Fortunately, since AB 1125 was passed in 2023, the DMV can no longer suspend an individual’s drivers license if someone is unable to pay their traffic fines. However, other penalties may still apply, including a $300 civil assessment, for failing to pay fines on time. The government sometimes allows those who cannot afford to pay the fees all at once to arrange a payment plan, but these often include additional interest or fines, meaning those most in need of a break end up paying more than other offenders.
Can You Go to Jail for Not Paying Court Fines?
Yes, but what will happen if you fail to pay will typically vary based on the type of case involved and the amount of fines. Some cases will go into collections, which can destroy your credit score. Some people will have their income tax refunds seized to pay off what they owe. In some cases, judges even issue warrants for those who fail to pay their fines.
If you fail to pay a traffic ticket or to appear in court to fight the charges, you can be charged with failure to appear, which is punishable by up to six months in jail —and another $1,000 in fines. Notably though, a court must evaluate someone’s ability to pay before sentencing them to jail.
For those on probation, failure to pay your fines, fees, and restitution within the allotted time frame is considered a probation violation, which can result in additional penalties, including jail time. The court requires all fines and fees to be paid before terminating probation early or expunging a conviction.
When is a Fine Considered Excessive?
The Eighth Amendment guarantees that “excessive fines” cannot be imposed against US citizens. Unfortunately, this is a challenging standard to establish, as what seems excessive to a person living on the streets could be a pittance to a middle-class individual, and what someone in the middle class considers excessive may be pocket change to a billionaire. While there is no set limit to what makes a fine excessive, courts have established that the amount should be proportional to the harm done by the accused party and what other penalties are being implemented against them.
Additionally, in 1983, the Supreme Court ruled in Bearden v. Georgia that courts should only sentence someone to jail if it can be shown that the individual could have paid their fine but chose not to. Similarly, the California Supreme Court requires lower courts to consider a defendant’s ability to pay a fine before they can be imprisoned for failing to pay it.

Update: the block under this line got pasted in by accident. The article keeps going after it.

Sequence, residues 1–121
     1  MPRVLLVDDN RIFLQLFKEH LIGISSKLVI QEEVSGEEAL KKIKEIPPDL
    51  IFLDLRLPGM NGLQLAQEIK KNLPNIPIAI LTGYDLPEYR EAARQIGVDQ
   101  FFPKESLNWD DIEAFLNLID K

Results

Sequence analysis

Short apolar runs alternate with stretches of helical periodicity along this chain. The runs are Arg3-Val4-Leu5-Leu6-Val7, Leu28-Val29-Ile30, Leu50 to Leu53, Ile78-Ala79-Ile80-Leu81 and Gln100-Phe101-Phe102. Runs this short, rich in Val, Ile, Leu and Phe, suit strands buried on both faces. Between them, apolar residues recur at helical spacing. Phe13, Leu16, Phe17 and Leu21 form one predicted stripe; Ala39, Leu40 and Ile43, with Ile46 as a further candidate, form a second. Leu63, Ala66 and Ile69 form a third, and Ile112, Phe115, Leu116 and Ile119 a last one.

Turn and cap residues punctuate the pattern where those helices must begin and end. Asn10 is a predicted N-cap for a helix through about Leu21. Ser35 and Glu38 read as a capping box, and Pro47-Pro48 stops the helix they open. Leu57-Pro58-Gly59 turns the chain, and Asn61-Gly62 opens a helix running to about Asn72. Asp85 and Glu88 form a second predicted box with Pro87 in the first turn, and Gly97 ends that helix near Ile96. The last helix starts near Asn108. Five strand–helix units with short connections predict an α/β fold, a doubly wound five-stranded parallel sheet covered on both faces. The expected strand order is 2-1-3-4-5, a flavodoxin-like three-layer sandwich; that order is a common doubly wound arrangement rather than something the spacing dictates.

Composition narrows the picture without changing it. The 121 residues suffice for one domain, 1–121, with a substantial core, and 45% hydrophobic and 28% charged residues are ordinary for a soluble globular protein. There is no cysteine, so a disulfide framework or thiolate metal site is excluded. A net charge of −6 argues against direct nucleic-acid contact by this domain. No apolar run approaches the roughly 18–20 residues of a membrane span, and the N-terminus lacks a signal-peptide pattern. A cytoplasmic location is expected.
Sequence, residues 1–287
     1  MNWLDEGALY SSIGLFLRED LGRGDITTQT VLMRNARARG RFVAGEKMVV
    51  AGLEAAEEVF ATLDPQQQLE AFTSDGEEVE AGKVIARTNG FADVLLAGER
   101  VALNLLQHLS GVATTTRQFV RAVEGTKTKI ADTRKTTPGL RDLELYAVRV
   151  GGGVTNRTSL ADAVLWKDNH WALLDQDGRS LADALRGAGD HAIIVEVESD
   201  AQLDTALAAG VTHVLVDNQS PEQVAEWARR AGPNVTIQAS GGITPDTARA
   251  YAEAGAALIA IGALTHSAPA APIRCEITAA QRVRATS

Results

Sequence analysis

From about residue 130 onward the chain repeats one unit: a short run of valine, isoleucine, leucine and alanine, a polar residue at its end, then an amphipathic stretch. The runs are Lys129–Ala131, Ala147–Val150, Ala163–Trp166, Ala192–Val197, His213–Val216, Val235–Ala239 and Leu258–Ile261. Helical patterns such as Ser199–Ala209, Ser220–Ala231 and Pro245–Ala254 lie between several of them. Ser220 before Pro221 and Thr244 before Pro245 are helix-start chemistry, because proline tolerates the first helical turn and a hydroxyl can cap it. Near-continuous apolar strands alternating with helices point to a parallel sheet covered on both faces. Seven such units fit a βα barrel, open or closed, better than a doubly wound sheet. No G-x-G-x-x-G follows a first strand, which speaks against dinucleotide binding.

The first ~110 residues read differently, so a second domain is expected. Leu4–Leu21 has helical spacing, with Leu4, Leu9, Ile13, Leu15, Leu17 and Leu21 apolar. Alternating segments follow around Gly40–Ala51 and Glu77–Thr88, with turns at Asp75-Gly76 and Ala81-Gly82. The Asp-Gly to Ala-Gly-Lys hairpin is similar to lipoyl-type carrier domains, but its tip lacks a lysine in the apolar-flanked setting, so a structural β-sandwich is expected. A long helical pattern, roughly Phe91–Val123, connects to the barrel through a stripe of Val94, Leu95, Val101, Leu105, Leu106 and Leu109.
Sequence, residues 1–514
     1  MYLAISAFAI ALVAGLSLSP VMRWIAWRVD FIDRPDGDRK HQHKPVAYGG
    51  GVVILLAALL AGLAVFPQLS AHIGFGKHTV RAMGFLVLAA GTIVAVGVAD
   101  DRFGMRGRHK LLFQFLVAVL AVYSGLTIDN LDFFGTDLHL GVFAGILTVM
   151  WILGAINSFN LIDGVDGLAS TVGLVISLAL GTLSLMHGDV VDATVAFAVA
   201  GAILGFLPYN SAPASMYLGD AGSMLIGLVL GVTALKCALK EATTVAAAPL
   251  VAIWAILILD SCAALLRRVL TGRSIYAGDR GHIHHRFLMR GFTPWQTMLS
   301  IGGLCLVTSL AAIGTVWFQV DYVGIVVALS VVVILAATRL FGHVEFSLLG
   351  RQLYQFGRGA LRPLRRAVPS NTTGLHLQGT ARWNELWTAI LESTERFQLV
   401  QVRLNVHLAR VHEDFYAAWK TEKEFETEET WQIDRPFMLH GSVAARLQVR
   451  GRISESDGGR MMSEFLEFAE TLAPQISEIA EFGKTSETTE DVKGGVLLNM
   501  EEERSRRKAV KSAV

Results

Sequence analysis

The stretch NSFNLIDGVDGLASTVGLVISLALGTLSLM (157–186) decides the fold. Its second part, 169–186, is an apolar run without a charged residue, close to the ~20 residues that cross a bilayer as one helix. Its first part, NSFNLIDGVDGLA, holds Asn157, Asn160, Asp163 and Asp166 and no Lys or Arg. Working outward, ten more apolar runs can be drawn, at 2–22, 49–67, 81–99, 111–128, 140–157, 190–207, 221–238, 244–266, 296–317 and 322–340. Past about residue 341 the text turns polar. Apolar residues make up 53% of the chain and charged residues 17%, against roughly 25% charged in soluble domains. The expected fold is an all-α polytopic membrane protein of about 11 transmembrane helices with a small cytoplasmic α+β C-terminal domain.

In the original criminal trial, a criminal attorney can often convince judges to reduce the fines and fees based on their client’s income.
Should Court Fees be Eliminated Entirely?
Many criminal justice advocates believe this system will always be unfair until the courts stop charging fees altogether. Studies show that these financial penalties:
- are unfairly burdensome to those with a low income
- don’t deter crime
- make it harder for offenders to re-enter society
- are so costly to enforce that most cities see a negligible net revenue for their efforts
While some proposals have been made to eliminate these fines, it will be challenging to implement such a dramatic change all at once, as removing these penalties will immediately result in the courts losing hundreds of millions of dollars in revenue per year while the state would be unlikely to quickly eliminate the bureaucracy currently in place to collect these fines. Meanwhile, the government could not pay the judges, bailiffs, public defenders, clerks, and everyone else who works directly for the state court.
Because most cities and states are unlikely to eliminate court fees, a common alternative is to scale the fines based on an individual’s income. While the state has yet to institute a default income-based system of penalties, California has recently experimented with allowing drivers to more easily request that their traffic tickets be reduced based on their ability to pay the citation. The California Ability to Pay program also allows individuals to pay off their fines using a payment plan or by performing community service rather than requiring the debt to be paid immediately.
Though there is no simple online form to have misdemeanor or felony fines in the criminal justice system, an attorney can often request the judge lower the financial penalties based on their client’s inability to pay. Alternatively, many plea bargains allow defendants to minimize the fines they must pay the court.